68th Scientific Sessions
November 13-16, 1995
Potential Overdiagnosis of Hypertension With Less Than Six Consecutive Blood Pressure Measurements
Mark Goodman, Alberto R. Yataco, Dina Darwish, The Union Memorial Hospital, Baltimore, MD
Two to three consecutive blood pressure measurements (BPM) have been
suggested to obtain a resting baseline blood pressure (BP). We studied
medical residents to evaluate the efficacy of multiple consecutive BPM
to overcome the startle/reactivity response and behaviorally “habituate”
the patient to a novel, aversive, constricting stimulus associated with
obtaining BPM. An automated oscillometric digital Dinamap monitor was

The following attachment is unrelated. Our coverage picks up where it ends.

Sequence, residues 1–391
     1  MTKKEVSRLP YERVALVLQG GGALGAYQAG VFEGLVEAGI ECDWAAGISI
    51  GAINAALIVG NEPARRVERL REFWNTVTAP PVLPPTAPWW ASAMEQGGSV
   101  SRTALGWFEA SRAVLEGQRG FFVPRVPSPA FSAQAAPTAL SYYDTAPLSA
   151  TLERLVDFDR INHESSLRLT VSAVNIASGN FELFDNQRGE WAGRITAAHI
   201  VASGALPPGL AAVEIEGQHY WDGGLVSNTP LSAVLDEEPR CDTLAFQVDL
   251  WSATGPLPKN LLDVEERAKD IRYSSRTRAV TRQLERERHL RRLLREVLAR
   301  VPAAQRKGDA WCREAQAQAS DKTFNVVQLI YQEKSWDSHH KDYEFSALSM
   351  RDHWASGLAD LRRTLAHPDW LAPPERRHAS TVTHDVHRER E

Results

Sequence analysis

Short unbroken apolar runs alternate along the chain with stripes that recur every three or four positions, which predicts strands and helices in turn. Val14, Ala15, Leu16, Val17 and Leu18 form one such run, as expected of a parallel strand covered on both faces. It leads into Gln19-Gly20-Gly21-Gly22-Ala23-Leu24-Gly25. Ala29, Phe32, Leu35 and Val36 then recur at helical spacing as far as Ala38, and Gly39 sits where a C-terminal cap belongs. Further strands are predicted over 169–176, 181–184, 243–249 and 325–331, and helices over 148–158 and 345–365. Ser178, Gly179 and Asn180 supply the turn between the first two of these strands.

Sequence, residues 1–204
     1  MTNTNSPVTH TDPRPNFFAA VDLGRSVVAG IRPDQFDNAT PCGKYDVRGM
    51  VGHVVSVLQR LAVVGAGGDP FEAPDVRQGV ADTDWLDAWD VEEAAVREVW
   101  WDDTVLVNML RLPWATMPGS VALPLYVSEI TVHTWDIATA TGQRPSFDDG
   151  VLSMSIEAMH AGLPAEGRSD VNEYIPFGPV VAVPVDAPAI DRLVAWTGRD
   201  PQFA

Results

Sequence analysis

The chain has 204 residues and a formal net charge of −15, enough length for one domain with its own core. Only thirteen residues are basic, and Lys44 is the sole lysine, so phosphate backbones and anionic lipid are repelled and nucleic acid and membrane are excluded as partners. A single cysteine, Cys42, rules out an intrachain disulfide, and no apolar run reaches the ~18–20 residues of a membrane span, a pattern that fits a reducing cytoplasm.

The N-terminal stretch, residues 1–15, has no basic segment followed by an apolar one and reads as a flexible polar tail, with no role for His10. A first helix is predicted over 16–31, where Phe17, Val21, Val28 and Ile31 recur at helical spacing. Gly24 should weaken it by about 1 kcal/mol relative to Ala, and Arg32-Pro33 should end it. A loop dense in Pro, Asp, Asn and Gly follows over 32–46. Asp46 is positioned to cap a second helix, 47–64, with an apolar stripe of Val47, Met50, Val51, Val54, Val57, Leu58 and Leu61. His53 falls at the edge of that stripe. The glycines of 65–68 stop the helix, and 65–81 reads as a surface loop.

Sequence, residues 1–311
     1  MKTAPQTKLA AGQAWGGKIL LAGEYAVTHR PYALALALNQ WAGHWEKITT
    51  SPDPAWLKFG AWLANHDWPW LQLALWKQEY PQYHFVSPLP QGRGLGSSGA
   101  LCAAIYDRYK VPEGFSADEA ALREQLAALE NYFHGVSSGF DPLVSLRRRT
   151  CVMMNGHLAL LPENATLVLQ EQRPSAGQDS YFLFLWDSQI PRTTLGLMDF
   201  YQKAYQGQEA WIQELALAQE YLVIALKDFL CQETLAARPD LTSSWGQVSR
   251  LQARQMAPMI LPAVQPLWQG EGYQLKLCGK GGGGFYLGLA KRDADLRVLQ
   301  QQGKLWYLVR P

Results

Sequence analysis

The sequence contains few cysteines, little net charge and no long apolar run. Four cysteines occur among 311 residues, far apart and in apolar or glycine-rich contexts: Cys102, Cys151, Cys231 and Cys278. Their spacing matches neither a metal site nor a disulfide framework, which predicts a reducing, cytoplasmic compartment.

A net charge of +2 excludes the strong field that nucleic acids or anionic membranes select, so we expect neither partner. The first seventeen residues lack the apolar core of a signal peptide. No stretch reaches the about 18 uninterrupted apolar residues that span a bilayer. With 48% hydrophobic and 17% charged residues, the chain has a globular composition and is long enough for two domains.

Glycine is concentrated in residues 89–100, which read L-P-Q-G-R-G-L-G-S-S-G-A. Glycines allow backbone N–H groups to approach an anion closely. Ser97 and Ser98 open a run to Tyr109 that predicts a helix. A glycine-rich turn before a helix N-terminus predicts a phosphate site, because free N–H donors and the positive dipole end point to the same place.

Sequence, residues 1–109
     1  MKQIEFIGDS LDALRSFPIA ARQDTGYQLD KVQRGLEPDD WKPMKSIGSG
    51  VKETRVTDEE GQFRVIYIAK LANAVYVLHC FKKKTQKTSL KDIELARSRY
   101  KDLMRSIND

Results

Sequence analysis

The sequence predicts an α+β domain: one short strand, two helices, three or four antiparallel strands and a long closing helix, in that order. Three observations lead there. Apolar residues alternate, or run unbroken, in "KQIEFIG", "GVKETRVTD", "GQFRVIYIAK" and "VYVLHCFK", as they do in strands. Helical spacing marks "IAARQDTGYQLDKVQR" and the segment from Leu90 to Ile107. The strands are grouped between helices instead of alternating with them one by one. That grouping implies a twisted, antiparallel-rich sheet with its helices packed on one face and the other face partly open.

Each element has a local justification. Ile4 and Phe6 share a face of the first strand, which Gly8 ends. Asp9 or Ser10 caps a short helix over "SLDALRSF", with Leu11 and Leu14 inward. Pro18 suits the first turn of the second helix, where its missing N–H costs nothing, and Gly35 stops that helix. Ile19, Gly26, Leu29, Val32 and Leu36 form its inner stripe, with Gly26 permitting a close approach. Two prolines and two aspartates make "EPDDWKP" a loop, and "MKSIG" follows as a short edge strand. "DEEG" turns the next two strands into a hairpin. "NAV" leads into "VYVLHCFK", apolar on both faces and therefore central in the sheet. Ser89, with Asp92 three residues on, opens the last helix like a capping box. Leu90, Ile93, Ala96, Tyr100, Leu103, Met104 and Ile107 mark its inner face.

used to record systolic blood pressure (SBP) and diastolic blood pressure
(DBP), in 34 normotensive medical residents (18 males, 16 females, age
30.02±3.3) to avoid the “white-coat hypertension” phenomenon.
BP was recorded six times at 90 second intervals with the subjects seated,
back and arm supported with the BP cuff at the level of the heart. We
found that the change in mean SBP over the first three consecutive readings
was significantly different (p<=.01). There were no significant differences
noted again until the sixth and final reading of mean SBP. DBP revealed
no significant differences by MANOVA when comparing across the six observations.
This rapid methodology would potentially reduce overdiagnosis and treatment
of systolic hypertension.